Last year was one of the wettest years on record and it was very common to see water on many fields throughout the Corn Belt.
Excessive water can significantly reduce yields, increase soil erosion, cause nitrogen losses and inhibit other nutrient utilization. Besides delaying planting and harvesting, it can also cause compaction problems.
Having adequate drain tile really paid off last year. On our family farm in eastern Iowa, my father invested in a Vermeer tiling machine in 1965 and my brothers and I installed nearly 70,000 tiles over a 20-year period. Although I thought we had adequate drainage last year, we made a decision to add to the existing investment. We essentially pattern-tiled the whole farm.
Analyzing the yield map records convinced us to expand on what we'd done. The yields were 300 bu./acre over the tile lines and within several rods on either side the yield would drop 100 bu. Drainage pays. Or said another way: Lack of good drainage limits profit.
Our farm is on the top of the drainage systems, so tiling costs less than on some farms where you would have large expenses to get adequate outlets. But a $450-500/acre investment could pattern-tile a farm with good outlets for the drainage lines.
To make a tiling decision, have a feasibility analysis done.
FOR OFFSETTING INCOME I used a 12-year study by Ohio State University that showed a 20-30 bu./acre increase in corn yields and 7-15 bu. increase in soybean yields.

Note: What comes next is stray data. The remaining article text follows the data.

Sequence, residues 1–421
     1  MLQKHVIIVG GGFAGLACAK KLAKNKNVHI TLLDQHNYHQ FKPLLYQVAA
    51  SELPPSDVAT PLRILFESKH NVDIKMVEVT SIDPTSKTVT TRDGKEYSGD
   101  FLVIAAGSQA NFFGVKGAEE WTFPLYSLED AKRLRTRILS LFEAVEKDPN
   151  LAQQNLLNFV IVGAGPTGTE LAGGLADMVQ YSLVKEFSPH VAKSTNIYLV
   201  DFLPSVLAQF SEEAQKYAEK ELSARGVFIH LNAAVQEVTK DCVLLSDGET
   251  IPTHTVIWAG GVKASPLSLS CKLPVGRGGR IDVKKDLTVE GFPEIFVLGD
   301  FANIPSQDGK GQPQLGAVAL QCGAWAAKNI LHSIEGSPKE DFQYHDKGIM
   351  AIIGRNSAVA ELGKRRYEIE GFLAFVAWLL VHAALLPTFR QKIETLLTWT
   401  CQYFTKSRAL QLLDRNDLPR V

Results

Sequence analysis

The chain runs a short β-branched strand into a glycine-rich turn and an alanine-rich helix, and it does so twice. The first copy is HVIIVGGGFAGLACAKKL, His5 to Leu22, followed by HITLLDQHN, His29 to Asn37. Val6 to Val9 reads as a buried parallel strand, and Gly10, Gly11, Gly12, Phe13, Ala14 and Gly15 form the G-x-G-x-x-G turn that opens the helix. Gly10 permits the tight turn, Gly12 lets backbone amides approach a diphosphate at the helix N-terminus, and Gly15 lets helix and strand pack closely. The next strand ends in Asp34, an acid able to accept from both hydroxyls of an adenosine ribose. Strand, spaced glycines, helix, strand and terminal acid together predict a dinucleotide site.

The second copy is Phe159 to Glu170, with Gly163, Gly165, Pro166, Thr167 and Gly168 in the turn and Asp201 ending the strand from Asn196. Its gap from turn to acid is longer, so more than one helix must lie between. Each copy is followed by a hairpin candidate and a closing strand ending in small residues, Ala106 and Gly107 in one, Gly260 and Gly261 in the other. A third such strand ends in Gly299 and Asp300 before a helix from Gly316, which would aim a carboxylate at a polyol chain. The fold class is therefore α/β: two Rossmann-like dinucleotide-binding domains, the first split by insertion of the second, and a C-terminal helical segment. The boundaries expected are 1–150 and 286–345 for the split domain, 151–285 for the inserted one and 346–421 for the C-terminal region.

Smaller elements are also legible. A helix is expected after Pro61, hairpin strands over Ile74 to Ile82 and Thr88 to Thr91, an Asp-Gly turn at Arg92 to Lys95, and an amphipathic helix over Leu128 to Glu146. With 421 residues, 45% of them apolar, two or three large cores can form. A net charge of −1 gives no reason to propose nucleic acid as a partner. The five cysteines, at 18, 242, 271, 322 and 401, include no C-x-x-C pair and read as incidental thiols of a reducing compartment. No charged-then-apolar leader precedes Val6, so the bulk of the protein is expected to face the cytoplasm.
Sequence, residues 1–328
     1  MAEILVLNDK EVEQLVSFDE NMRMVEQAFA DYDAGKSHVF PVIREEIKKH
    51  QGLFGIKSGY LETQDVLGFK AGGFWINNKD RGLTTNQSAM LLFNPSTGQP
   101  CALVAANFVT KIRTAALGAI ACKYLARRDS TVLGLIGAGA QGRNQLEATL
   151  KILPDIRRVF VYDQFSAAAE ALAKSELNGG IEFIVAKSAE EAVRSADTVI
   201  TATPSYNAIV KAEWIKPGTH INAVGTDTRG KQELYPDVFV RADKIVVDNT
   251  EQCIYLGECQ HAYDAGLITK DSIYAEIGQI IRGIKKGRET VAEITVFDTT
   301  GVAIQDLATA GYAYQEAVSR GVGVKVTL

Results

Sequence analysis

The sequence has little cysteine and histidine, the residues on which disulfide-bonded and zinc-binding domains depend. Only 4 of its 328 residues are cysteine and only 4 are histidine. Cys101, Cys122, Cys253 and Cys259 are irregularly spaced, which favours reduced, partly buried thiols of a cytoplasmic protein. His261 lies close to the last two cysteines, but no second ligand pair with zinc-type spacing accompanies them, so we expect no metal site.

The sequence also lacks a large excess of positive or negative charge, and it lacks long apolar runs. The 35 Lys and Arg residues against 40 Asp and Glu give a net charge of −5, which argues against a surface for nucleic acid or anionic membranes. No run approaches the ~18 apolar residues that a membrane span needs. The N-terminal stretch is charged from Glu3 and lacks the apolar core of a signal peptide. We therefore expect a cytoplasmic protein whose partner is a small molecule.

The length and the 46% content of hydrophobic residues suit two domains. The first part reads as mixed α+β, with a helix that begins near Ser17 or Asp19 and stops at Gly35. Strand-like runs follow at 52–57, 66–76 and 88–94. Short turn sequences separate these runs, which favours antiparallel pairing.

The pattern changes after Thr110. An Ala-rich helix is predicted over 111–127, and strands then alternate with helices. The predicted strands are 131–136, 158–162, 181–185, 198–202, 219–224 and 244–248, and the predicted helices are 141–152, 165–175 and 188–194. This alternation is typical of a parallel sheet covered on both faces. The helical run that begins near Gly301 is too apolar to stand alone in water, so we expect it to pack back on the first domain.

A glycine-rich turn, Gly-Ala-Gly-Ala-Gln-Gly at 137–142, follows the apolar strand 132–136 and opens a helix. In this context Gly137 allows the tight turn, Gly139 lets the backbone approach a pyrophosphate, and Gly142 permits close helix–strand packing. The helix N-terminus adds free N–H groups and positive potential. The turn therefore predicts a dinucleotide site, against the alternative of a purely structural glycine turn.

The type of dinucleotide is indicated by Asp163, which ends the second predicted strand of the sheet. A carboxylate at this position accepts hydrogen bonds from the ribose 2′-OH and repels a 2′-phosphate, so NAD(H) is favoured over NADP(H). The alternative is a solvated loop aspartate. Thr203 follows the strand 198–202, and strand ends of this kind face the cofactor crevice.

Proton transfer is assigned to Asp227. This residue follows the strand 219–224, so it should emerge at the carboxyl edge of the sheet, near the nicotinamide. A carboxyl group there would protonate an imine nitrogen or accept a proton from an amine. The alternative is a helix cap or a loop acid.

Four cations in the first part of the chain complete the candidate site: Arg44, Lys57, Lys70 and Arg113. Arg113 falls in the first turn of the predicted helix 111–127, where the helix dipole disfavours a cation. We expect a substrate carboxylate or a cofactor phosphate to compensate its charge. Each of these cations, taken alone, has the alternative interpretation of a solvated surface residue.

Based on that data, I assumed a 25-bu. increase on corn and 10-bu. increase for soybeans. My grain price assumptions were $5 corn and $12.50 soybeans; both coincidentally figured to a $125 revenue increase/year.
The net present value was $185, which means over a 10-year payback, the cost of the investment is returned and I increased my future wealth $185/acre in today's dollars, assuming the opportunity cost on my investment was 10%.
The modified internal rate of return (MIRR) was 33.95%. That's a lot better than the stock market over the past year and better than the 10-12% return from stocks over a long period of time.
My MIRR goal on most projects is 20%, so this investment is one of the better ones we could make.
TRY CONTROLLED DRAINAGE
Another alternative gaining a lot of traction is controlled drainage investments where the excess water is retained at certain times during the year to act as sub irrigation during dry times and reduce the nitrates entering surface water. Those investments show to return similar numbers.
An increasing number of farmers are tiling rented land and these numbers can apply to those cases, also. In those cases, you can have a lease agreement where if the tenant pays for the tile and the landowner rents the farm to someone else, the remaining value of the tile is returned to the tenant based on a 10-year amortization.
Moe Russell is president of Russell Consulting Group, Panora, IA. Russell provides risk management advice to clients in 34 states and Canada. For more risk management tips, check his Web site (www.russellconsultinggroup.net) or call toll-free 877-333-6135.